The dignity of delivering pizzas

If you haven’t caught this on the Web, here’s the story of Ken Karpman, a one-time CEO and stock trader, with annual earnings as high as $750,000, now delivering pizzas for $7.29/hour.  To some, it’s a horrific tale about the trap door of today’s economy.  For others, it’s about just desserts for someone who blew through the megabucks he made during an age of excess.  But if you read and watch this ABC News item about Karpman, you also may get a sense of a guy who finds more dignity and purpose in earning a little over the minimum wage than in sitting at home bemoaning his mistakes and his fate:

I don’t know if there’s a profound lesson in all of this, but it does reinforce my wish that we will emerge from this recession with a better sense of what our economy, work, and underlying values should be all about.

2 responses

  1. Scrolling through the comments link on that ABC site there doesn’t appear to be a lot of sympathy for Ken Karpman. I too find it a little hard to shed a lot of tears for someone who intentionally put himself in that situation. But he does represent what a lot of people around the world think about America — we had a really sizable budget surplus built up back in 2000 and when the economy started to go through a typical cyclical downturn we should have had a lot to fall back on, which should have made this recession a relatively mild one. Instead, a combination of public indifference, media manipulation, bad policies and Team Bush of course have made this a real mess. And we didn’t just screw up our own economy, we’ve help trigger a global downturn.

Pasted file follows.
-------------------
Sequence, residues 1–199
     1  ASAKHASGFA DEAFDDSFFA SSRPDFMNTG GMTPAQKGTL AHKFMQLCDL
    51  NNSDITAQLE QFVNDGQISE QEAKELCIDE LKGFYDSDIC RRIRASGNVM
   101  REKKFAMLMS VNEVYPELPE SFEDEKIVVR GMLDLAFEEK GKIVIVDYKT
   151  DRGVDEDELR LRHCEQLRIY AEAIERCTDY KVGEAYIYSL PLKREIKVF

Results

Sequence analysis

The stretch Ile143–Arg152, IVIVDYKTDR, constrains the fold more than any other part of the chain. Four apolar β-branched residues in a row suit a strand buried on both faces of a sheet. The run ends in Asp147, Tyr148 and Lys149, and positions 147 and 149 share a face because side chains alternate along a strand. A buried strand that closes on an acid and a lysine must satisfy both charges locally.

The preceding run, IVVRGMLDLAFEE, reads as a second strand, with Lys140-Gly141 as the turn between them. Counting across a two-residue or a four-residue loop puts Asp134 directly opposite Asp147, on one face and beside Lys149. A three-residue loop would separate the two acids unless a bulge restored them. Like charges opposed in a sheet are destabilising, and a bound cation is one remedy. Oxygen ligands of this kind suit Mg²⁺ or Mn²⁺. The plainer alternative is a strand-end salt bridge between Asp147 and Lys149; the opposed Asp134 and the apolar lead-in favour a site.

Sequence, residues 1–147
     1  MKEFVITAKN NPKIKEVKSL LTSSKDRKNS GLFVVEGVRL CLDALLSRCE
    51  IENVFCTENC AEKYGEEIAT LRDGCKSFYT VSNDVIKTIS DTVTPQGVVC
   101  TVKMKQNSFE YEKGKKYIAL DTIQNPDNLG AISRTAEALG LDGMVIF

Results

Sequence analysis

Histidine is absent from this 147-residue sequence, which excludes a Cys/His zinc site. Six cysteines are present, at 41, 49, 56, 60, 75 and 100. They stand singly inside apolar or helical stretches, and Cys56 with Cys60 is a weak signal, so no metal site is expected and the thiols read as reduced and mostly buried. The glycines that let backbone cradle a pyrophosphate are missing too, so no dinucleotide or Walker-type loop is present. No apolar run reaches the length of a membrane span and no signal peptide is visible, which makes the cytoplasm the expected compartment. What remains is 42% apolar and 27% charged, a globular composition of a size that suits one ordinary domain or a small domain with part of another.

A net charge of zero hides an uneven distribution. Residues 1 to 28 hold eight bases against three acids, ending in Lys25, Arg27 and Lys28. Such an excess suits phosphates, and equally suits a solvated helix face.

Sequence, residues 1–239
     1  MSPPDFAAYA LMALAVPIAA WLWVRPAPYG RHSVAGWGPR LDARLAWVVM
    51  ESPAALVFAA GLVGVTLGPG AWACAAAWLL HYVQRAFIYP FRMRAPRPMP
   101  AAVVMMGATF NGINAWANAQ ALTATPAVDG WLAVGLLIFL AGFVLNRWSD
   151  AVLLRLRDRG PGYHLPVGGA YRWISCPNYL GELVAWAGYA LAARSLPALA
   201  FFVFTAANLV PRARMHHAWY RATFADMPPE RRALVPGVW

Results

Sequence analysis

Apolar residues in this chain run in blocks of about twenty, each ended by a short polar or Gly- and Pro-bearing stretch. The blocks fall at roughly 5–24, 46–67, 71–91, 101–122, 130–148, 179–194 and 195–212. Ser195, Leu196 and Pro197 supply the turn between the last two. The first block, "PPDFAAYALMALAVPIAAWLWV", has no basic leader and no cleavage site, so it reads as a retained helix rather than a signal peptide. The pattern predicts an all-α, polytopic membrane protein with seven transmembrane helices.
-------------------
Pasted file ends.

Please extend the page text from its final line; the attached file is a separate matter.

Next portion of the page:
FAIR (Fairness and Accuracy in Reporting) has a weekly online broadcast called CounterSpin. This week touched on the AIG debacle and one of the points they discussed is how the mainstream media focuses much more on presenting ‘human interest’ pieces about people like the Karpman family, while neglecting the much more prevalent lower class segment of America. They think it’s just sexier to show these isolated incidents of the affluent getting caught in this economic downturn, I guess the rest of us are just too boring.

  2. Jeff, you’re absolutely right about stories like these capturing the media focus. On the other hand, a lot of folks must be paying attention, or else they wouldn’t be running these stories! I just checked the WordPress “hits” report for this blog, which identifies common searches (but thankfully not individual identities), and a couple of dozen or so people have found their way here because they did searches on this news report.

    I’m working on a commentary that pulls together some of these items…hopefully I can post it later in the week.

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